Styx, Joan Jett & The Black Hearts and Tesla – Fiddler’s Green Amphitheatre – Englewood, CO

To say that Styx are good showman would probably be a bit of an understatement. Not inaccurate, just insufficient. As someone who has witnessed their “performance tour de force” several times over, I’m always struck by the synergy and enthusiasm that characterizes their shows. From the first note to the last. Tuesday night’s performance at Fiddler’s Green Amphitheatre in Englewood, CO was no exception. 40+ years on, the rock band originally out of Chicago still know how to entertain with a vengeance.

Before the main event hit the stage, the party was already in full swing thanks to openers Tesla and Joan Jett & The Blackhearts. Jeff Keith and company were first in line. A noticeably large early turn-out for their set demonstrated that the crowd were eager to hear the likes of “Little Suzi,” “Love Song” and “Modern Day Cowboy.”

The age-defying Joan Jett was next to emerge. Flanked by her longtime sidekicks, The Blackhearts, the feisty punk rocker started things off with the anthemic “Bad Reputation.” The Runaways’ “Cherry Bomb” was quick to follow, and from there it was a blend of covers and originals that rounded out her time on stage. Adorned in a skin-tight leather jumpsuit and still rocking her trademark jaggedy black hair, the lady remains on her game. Making the encore, “Real Wild Child,” a particularly fitting sign-off to her fist-pumping set.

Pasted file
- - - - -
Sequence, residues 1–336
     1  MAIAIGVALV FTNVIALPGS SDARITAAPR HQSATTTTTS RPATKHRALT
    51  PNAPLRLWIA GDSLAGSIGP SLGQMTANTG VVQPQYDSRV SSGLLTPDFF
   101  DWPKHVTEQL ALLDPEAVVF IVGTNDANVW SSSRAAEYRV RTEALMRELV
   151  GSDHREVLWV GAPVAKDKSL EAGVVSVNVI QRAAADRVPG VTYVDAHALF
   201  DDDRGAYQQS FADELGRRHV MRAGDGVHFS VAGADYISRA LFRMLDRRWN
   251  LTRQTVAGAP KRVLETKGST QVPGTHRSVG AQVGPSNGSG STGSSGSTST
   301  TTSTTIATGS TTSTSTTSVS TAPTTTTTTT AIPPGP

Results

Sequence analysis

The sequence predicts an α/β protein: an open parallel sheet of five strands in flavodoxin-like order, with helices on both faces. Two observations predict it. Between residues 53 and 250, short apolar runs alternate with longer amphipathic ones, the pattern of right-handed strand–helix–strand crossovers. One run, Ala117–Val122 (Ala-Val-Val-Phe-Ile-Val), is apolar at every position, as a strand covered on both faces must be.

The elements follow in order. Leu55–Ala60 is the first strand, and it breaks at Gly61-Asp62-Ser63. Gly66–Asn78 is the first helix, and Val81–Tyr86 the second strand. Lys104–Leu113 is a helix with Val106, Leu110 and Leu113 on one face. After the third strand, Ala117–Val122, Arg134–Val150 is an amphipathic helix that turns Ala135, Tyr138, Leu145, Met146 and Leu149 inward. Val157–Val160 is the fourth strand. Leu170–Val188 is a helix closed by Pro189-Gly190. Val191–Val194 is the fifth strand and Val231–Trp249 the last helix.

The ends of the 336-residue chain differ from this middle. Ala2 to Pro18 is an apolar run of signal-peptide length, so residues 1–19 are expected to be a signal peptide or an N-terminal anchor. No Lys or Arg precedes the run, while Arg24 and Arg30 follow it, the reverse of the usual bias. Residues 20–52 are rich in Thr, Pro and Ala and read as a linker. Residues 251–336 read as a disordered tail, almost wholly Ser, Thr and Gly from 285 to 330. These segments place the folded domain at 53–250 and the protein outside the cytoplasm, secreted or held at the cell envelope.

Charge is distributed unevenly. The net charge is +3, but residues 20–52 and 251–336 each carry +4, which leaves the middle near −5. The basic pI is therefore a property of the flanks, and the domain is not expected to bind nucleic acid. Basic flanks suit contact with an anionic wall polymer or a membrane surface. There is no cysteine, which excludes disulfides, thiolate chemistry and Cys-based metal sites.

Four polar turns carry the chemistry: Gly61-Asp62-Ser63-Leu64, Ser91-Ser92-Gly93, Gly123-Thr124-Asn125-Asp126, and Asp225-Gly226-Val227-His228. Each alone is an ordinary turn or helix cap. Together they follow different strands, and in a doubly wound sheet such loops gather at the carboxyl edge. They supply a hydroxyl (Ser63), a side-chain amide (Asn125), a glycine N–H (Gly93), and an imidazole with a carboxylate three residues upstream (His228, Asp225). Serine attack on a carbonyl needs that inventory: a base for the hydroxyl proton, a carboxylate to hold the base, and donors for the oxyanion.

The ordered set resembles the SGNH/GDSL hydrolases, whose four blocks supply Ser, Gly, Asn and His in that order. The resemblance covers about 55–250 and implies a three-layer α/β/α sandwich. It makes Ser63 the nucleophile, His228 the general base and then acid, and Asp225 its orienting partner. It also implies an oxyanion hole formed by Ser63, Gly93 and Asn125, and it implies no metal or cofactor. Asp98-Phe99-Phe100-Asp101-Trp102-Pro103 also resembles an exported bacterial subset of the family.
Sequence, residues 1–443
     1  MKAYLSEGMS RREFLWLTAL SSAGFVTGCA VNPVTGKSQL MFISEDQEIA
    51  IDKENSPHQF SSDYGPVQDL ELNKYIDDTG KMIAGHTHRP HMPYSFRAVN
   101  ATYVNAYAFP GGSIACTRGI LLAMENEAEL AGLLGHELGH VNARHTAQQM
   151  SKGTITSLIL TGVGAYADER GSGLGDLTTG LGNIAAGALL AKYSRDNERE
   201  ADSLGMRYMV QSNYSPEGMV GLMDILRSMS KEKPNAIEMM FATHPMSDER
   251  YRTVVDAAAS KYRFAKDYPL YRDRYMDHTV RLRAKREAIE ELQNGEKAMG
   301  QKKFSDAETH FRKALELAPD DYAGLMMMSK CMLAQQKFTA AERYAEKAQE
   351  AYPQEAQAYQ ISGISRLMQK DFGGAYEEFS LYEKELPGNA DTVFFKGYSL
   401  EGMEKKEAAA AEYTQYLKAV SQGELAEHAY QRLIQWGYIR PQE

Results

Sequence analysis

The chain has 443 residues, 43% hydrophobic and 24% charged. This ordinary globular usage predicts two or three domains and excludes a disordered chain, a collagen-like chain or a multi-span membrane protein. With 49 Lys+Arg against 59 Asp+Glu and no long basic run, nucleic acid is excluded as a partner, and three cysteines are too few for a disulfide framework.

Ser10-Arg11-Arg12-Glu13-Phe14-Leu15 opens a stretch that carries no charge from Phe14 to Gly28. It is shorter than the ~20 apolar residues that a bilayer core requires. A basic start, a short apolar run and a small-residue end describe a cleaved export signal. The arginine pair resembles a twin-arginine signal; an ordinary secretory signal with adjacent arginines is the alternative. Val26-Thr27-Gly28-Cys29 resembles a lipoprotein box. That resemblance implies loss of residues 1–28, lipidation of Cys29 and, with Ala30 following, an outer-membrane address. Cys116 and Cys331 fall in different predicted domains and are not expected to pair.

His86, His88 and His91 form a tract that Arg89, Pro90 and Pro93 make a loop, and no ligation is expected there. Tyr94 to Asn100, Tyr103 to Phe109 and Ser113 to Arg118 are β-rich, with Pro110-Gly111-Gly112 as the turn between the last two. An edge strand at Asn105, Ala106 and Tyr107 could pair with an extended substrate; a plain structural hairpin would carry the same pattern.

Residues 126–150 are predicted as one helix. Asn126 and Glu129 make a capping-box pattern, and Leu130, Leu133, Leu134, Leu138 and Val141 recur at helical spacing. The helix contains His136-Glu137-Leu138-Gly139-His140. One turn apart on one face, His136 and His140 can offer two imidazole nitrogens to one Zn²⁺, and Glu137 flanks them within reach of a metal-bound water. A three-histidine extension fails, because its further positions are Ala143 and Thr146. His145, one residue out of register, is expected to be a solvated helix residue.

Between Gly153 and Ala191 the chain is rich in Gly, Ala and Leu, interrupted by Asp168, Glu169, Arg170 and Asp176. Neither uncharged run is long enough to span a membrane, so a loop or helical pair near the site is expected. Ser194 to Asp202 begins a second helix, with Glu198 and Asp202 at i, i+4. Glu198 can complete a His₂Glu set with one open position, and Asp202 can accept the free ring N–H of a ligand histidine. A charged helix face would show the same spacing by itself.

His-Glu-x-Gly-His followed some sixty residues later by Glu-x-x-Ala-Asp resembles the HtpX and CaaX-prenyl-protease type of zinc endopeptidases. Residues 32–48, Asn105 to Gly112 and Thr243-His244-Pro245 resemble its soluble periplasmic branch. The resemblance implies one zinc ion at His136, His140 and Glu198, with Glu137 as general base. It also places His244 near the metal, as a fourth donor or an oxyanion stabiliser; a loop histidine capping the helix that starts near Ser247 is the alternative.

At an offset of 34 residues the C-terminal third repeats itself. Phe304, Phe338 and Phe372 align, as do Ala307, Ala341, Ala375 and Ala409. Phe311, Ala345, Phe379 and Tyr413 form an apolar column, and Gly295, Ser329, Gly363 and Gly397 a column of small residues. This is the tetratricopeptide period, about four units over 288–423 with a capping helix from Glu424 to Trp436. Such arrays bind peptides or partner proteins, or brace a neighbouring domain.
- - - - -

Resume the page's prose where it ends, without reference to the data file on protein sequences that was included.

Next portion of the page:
A quick shuffle of equipment and then it was Styx who were off and running with the one-two punch intro of “Gone Gone Gone” and “Blue Collar Man.” This tour is partly commemorating the 40th anniversary of the iconic The Grand Illusion album, and the band’s set sampled from it accordingly. The title track, “Fooling Yourself” and “Come Sail Away” all made appearances. With the latter two renditions being especially poignant by the addition of original bassist, Chuck Panozzo.

Part way through the night, the always energetic Lawrence Gowan went solo with his keyboard for a brief medley and an acknowledgement the captive audience. “It’s amazing how you know every word to every song,” he proclaimed. A fact that may have been no more apparent than when the band pulled out the classic “Mr. Roboto” for their encore. The song hasn’t made a live appearance in 35 years. But the crowd knew every word. And the excitement was palpable. Check out our photos of the night below:

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